The third day of INEOS and Reach CSG’s judicial review of the fracking ban drew to an early close, and with it, the substantive hearing as a whole.

This morning Lord Pentland summarised the political context in which Ministers had made the announcement to Parliament on 3rd of October of an ‘effective ban’ – there was pressure from opposition parties to move ahead with primary legislation, and Ministers were resisting that. He pushed James Mure QC, for the Scottish Government, on whether it was a reasonable interpretation of what the Minister said that day, that the position announced would have the full force of a legal ban. If it is correct that the language of an effective ban is just commentary, as now argued in court, then the Minister and all his officials just got it completely wrong; how did a Minister make a mistake of this nature in a pre-prepared statement of this importance, he asked?

Mr Mure indicated that if that were the case then the Minister would be accountable in Parliament, but that question to be addressed here was what would the advantage be to stopping the process now in play – a strategic environmental assessment was underway, and a business and regulatory impact assessment and consultation would follow before a final decision was made.

In terms of the remedy sought by the petitioners that the directions issued in January 2015 which gave effect to the moratorium, and were continued following the 3rd October announcement, should be brought to an end – what has changed, Mr Mure asked, that means these are suddenly unlawful? He noted that INEOS had moved staff south, to focus on unconventional oil and gas assets in England, after the moratorium was announced in 2015, not following the later decision of October 2017.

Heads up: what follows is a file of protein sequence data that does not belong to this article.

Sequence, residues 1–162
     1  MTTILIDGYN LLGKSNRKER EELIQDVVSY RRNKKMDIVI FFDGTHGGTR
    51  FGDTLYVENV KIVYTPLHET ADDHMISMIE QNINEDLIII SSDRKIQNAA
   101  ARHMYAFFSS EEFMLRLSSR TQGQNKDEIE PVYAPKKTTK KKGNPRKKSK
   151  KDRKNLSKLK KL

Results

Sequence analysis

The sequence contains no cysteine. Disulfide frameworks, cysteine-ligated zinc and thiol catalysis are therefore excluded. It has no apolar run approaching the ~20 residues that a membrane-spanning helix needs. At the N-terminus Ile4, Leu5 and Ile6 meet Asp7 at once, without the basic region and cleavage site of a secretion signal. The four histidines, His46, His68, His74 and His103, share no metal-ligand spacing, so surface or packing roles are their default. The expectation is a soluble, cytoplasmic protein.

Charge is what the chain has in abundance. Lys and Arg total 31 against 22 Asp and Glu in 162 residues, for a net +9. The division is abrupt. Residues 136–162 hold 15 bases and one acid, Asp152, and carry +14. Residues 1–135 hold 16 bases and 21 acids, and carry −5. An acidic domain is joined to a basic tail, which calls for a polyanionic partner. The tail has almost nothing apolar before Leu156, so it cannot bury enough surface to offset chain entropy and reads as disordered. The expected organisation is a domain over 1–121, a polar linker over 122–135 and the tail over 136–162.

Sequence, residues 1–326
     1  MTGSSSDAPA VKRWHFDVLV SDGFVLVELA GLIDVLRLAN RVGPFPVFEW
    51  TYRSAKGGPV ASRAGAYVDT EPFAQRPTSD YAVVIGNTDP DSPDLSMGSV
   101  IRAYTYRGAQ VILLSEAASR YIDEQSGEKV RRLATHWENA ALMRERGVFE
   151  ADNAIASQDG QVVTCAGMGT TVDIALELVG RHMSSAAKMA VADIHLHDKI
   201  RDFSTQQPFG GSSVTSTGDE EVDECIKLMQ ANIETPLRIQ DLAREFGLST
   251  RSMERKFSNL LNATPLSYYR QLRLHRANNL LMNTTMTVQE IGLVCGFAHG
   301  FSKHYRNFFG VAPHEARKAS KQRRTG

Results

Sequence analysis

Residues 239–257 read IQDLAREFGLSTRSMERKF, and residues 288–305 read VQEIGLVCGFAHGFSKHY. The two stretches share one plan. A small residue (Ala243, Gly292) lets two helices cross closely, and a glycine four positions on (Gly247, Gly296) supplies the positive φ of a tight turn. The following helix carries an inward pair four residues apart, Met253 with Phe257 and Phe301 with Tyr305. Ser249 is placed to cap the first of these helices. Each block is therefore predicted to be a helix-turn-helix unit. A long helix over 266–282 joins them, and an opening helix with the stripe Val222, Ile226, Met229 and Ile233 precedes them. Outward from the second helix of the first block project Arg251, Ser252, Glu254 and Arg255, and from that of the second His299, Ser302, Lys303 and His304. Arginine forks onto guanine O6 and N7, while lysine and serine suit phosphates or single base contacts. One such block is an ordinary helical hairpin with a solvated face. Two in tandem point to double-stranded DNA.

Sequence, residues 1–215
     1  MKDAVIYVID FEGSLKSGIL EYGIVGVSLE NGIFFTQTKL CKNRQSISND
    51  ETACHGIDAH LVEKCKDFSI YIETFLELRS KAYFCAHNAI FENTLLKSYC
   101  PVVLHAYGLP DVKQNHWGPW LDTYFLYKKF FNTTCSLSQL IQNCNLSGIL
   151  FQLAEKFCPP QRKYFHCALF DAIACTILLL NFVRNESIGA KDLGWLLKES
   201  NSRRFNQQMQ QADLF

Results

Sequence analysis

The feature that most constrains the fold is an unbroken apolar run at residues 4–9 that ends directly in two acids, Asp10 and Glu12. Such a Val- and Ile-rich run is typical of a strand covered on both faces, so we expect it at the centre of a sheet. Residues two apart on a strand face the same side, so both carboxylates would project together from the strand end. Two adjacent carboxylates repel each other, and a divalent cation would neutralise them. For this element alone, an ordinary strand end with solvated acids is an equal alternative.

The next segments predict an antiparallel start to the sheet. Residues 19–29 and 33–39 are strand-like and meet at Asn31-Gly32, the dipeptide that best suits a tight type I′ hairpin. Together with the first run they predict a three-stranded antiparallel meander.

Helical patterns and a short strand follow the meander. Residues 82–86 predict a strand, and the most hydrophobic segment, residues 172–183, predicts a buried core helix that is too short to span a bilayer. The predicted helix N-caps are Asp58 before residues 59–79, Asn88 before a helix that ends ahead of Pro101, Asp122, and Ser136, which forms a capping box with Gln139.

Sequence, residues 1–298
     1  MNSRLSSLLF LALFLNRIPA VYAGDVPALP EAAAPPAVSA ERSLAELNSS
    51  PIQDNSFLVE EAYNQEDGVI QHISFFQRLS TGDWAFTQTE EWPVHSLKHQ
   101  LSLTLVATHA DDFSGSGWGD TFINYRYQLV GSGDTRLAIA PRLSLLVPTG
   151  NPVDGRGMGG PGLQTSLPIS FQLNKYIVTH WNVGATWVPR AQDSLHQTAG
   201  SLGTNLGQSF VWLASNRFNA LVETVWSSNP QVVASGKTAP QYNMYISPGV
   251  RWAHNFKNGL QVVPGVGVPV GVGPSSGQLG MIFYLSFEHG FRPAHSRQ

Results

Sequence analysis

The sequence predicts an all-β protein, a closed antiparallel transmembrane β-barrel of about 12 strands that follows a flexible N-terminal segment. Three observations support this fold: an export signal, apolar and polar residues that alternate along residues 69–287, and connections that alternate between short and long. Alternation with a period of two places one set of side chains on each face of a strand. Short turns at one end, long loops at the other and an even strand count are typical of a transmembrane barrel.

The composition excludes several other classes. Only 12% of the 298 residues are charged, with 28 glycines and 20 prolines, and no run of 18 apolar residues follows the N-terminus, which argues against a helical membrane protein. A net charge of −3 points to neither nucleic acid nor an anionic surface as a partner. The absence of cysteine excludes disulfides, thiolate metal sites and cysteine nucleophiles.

Lord Pentland observed that one view might be that the petitioners were taking a snapshot of matters and might be attaching undue weight to certain parts of the Ministerial statement. One way of looking at the situation may be that while it is unfortunate that certain things were said that led to misleading impressions, how would compelling the Scottish Government to go back to square one be in the public interest.

Gerry Moynihan QC came back for the petitioners using, as he put it, very strong language, and noting that he was aware that the person he was accusing is the Lord Advocate. What Lord Pentland had been told today, he said, was disingenuous. To judge the significance of the mistake in law, one needed to look at what was said in the statement to Parliament about the action being taken to give effect to the decision – that an effective ban was being brought into immediate effect by an indefinite moratorium. That part of the statement Mr Moynihan said was ‘stepped over’ by Mr Mure, and that is why what he said was disingenuous.

Ministers decided to impose a ban, realised they did not have competence in terms of the Scotland Act as it stood, and so used planning powers to implement that policy to achieve that result Mr Moynihan argued. Planning powers were a means to an end, the end was a ban. If matters proceed without Ministers pausing to clear the air, the petitioners would be left with the unanswerable proposition that the Strategic Environmental Assessment process would be continuing against a backdrop of closed minds on the part of Scottish Ministers.

The hearing came to an end shortly after 2pm, drawing the case to an early conclusion, at least at this stage, with Lord Pentland indicating that a judgement would be issued as soon as possible. Judgements are usually handed down within 3 months.

… and we’ll be back somewhat sooner with an overview of where things stand now.


We are making a public interest intervention in the case arguing that the Scottish Government was obliged to ban fracking in order to meet its own legally binding climate change commitments. You can read more about why we decided to get involved in the case on our blog, and download our intervention in full here.

Read about what happened on Day 1 and Day 2